CAMBRIDGE — The wounds of terrorism are deep here.
Larry Aaronson said he started having anxiety attacks in the week after the bombings, unable to reconcile his image of Dzhokhar Tsarnaev with the suspect in the deadly Boston Marathon attacks.
Audra Smanski began harboring fears for his young son’s safety and locks the doors to her home, thinking it is the little she can do to feel safe.
And Raj Bala is overcome with sadness each time he enters his workplace at MIT’s Stata Center, near the spot prosecutors say one of the Tsarnaev brothers killed a campus police officer, Sean Collier, as he sat in his cruiser.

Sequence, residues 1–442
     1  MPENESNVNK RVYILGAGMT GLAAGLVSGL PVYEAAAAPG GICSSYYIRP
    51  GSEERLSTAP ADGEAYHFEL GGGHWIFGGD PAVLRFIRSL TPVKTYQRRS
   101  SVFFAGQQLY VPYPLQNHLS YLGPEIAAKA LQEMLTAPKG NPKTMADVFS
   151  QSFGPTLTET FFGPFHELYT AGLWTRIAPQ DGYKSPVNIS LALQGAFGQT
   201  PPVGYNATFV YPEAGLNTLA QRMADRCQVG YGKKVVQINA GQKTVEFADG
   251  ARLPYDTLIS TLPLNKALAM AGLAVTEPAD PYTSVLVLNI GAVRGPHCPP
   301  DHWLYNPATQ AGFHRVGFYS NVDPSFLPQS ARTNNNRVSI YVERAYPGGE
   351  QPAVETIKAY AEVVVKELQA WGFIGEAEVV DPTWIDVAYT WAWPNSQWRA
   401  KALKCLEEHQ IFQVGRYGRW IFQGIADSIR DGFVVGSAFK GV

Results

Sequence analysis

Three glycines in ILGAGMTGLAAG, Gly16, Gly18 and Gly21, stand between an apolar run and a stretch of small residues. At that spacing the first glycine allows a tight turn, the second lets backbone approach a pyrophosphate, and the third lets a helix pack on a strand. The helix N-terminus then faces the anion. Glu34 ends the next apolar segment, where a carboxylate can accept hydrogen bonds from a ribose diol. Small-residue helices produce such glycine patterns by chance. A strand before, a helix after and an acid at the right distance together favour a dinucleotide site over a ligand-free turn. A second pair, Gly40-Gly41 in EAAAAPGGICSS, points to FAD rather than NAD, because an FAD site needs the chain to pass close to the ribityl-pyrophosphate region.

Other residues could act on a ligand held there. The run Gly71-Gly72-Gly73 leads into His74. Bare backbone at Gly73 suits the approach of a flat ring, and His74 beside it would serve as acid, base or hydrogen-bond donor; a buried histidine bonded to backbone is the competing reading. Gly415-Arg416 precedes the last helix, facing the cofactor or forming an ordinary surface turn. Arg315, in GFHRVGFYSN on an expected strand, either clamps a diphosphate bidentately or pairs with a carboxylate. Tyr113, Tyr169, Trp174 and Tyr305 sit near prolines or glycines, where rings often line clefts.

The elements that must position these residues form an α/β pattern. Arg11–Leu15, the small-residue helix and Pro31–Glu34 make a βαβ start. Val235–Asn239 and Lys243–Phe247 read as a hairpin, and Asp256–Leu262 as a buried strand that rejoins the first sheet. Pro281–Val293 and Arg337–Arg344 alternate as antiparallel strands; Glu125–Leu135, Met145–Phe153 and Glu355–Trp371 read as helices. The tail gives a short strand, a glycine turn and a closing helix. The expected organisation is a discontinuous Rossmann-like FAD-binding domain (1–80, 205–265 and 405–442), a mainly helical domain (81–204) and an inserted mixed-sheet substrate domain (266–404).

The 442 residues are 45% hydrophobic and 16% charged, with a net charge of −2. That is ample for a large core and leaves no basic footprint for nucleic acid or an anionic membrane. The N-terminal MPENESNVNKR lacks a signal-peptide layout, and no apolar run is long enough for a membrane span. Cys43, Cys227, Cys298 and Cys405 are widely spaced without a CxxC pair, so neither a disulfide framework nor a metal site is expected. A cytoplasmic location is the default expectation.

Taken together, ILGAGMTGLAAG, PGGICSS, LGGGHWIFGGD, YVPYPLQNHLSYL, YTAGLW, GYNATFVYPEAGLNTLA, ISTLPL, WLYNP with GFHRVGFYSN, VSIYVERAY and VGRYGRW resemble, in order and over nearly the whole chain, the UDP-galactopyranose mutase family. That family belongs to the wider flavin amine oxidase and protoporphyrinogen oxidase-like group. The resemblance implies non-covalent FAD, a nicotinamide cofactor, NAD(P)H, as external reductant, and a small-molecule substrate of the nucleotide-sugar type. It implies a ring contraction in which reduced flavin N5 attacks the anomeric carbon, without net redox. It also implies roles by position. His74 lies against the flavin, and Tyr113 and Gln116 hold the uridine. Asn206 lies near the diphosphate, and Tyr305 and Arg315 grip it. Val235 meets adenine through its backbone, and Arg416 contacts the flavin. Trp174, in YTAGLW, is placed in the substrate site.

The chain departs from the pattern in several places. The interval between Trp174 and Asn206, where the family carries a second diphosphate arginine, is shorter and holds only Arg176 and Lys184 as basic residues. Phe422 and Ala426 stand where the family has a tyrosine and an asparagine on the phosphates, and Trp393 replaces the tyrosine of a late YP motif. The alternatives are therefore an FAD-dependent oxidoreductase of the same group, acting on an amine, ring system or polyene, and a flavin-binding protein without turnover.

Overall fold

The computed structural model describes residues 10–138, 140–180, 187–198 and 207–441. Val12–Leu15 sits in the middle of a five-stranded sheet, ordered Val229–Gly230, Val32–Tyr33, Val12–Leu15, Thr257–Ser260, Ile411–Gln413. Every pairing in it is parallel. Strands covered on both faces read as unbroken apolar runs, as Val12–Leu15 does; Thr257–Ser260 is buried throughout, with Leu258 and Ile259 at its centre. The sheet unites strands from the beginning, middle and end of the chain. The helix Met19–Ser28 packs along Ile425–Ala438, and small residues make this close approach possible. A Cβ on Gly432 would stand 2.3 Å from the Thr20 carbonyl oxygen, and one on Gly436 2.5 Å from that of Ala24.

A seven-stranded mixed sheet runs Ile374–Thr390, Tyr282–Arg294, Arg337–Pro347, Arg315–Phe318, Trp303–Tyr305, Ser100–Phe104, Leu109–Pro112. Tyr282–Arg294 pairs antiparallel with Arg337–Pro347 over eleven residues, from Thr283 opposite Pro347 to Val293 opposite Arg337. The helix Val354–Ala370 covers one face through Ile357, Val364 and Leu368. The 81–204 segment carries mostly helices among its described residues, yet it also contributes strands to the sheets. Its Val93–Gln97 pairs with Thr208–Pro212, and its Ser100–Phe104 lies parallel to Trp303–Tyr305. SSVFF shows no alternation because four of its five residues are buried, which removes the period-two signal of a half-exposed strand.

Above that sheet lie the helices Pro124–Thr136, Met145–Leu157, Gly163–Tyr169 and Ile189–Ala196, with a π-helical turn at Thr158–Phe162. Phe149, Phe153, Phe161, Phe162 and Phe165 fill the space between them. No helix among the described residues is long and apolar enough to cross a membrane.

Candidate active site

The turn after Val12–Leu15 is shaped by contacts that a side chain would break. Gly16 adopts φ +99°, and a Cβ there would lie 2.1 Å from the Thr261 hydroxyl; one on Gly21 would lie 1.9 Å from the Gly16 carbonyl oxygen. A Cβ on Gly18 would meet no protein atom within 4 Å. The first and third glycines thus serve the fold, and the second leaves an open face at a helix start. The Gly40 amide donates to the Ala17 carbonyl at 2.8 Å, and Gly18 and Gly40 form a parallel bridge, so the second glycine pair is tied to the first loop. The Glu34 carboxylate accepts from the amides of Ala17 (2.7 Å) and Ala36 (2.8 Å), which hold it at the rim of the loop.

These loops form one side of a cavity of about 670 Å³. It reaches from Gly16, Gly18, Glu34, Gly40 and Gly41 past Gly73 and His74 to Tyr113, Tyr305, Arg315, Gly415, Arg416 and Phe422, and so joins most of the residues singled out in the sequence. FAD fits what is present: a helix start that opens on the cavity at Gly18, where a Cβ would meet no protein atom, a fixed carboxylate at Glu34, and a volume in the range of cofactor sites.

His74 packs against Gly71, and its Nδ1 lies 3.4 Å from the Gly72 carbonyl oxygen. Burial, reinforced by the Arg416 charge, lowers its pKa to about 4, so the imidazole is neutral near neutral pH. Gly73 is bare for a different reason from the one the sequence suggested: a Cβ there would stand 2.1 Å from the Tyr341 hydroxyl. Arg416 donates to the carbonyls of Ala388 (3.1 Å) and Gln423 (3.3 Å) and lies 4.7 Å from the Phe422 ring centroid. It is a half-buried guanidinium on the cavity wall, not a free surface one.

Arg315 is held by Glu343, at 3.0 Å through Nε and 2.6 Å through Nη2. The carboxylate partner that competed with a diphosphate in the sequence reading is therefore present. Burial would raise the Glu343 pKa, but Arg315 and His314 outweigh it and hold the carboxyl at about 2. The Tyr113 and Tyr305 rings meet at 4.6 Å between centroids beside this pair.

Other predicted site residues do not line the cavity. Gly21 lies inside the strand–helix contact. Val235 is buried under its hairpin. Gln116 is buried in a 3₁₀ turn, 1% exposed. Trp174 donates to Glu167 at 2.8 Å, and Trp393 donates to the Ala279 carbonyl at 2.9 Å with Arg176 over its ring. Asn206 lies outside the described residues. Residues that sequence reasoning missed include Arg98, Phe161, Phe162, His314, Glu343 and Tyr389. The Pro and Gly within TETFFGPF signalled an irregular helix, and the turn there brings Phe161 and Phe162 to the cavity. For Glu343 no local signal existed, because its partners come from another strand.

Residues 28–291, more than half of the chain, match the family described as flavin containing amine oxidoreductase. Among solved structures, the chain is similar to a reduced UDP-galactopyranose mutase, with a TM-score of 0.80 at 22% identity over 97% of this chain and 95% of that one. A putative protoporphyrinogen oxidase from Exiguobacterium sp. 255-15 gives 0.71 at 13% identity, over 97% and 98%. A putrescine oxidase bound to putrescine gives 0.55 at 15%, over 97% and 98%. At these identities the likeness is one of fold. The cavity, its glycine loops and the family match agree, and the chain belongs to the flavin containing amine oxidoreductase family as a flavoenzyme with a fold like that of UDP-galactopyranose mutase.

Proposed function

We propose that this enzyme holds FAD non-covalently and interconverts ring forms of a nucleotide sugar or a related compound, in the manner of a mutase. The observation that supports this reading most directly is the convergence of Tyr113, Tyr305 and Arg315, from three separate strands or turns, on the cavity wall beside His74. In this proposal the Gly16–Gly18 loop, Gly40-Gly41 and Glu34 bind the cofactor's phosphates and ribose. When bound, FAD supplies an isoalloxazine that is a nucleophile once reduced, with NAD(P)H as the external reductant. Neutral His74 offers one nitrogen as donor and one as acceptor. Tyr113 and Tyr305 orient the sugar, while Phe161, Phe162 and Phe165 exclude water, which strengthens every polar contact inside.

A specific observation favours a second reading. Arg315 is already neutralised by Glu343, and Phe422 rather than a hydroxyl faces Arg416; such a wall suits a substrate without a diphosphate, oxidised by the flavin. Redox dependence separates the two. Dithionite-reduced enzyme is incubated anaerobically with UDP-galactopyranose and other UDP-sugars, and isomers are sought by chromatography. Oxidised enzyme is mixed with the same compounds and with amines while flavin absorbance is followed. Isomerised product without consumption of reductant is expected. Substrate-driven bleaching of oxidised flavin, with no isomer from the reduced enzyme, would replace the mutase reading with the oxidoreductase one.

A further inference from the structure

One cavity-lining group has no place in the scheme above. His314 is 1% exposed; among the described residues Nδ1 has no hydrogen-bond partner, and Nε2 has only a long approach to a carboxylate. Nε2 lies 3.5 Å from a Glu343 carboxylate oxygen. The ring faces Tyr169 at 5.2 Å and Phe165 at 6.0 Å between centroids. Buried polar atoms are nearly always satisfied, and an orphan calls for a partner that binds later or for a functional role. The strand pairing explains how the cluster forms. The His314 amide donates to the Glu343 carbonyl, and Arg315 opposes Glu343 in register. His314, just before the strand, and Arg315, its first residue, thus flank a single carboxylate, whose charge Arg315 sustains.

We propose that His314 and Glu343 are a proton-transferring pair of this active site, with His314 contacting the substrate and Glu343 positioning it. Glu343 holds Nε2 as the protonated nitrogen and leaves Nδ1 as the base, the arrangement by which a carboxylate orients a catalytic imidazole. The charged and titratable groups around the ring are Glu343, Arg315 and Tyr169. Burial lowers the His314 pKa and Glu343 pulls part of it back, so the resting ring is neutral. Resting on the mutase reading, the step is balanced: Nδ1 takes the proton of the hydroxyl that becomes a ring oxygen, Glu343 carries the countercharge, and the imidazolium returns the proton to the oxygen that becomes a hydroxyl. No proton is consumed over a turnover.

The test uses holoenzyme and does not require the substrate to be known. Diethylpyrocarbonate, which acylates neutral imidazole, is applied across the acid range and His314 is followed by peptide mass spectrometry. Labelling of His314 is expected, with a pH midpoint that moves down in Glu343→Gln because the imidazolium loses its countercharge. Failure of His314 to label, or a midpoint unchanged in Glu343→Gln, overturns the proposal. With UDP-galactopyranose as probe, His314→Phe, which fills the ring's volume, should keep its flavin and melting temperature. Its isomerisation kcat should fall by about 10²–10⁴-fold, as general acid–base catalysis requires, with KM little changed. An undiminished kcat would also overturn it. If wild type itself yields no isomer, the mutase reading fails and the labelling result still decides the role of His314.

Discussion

Across Cambridge, a city of Ivy League sensibilities, progressive politics, and much-heralded diversity, the Marathon bombings’ aftermath has brought aftershocks as residents confront the fact that two of their own may have committed such horror.
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